Permanent Change of Station. We have to move quickly! This is nothing new to any family who humbly serves our country. Typically you know the possible locations and even the timeline. You make plans to sell your home or you’ve been thinking that your next move is the best time to buy that first home. Packing your belongings is something of a routine at this point. Well it’s becoming a bit of a cliché at this point, but here comes 2020. With the COVID pandemic we haven’t been too certain as to when those orders will be signed. If you’re currently stationed overseas getting home can be a bit of a chore. Then it hits suddenly, report no later than…it’s time to move!
Now let’s say that purchasing a home is something that you are definitely moving forward with or is something you’re considering. There are a few things to do right away. The first is try to find knowledgeable professionals that can help you with this process and that are familiar or specialize in working with veterans. There are a few differences when purchasing a home using a VA loan and having both realtors and lenders that focus on the VA process will make sure nothing gets overlooked.
The second step, analyze your budget quickly. A change in duty station comes with a different cost of living and a new amount of BAH. If you currently own a home or rent off post then you have a good idea of how much your housing expenses compare to your BAH.
I usually suggest that if you’re comfortable with the monthly payments that you’re currently making then try to mirror that when you move. If your current rent is $300 less than your BAH then let’s target that at your next duty station.
Now if you’re currently living in base housing then we need to try to forecast a little more. What extra bills will you now have living off post? Do you want to make sure that your mortgage and all housing bills are taken care of with the BAH? How much of your base pay etc. is left over each month that can account for the unexpected expense? Narrow down this number and your mortgage professional can take the monthly payment you’d prefer and go backwards to find you a purchase price.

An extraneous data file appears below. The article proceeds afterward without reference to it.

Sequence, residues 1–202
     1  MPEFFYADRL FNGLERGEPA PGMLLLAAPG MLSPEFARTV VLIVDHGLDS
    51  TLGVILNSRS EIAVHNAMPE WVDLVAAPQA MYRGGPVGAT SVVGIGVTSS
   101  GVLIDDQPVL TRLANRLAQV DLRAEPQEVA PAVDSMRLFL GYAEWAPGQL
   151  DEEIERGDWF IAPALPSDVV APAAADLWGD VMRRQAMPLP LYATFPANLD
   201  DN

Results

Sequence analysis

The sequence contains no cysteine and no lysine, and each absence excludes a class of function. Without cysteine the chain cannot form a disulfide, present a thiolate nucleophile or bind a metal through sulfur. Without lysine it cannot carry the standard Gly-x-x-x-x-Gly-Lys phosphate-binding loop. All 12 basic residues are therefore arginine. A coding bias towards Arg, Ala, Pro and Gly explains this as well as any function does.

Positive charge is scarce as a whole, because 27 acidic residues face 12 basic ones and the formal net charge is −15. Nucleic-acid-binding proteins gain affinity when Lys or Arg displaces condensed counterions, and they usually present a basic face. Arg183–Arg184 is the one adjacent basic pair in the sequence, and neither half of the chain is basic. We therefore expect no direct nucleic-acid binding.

Third step, documents. The docs needed for Pre-Approval should be easy to get and send to your lender. At a minimum expect: Most recent LES, Most recent bank statements, at least last year’s W2 but maybe the previous 2 years, Certificate of Eligibility, Signed PCS Orders. As I mentioned, these should be easy to get but make sure you send legible copies and all pages of each document. An underwriter will not accept a scanned image that is partially cut off or only 3 of 4 pages of a bank statement so when your loan officer asks for a better copy of something understand that they’re making sure that we’re compliant up front.
The Certificate of Eligibility is something that your lender SHOULD pull from the VA portal without asking you for it. Every now and then the VA asks for more information and we have to upload a statement of service, or your DD214 if you’re retired. If that’s the case then your loan officer will ask you to send one of those in. The important part here is if your lender has had a chance to review documentation along with a loan application then we are able to get any questions answered now instead of in the middle of the process.
Fourth step, get out there with your trusted veteran friendly realtor. By now we should all be on the same page. And this could literally be within a few days of each other. It is possible to get things done quickly if we’re all working together. What your realtor really needs to know are your needs, wants, and the financial side of the transaction.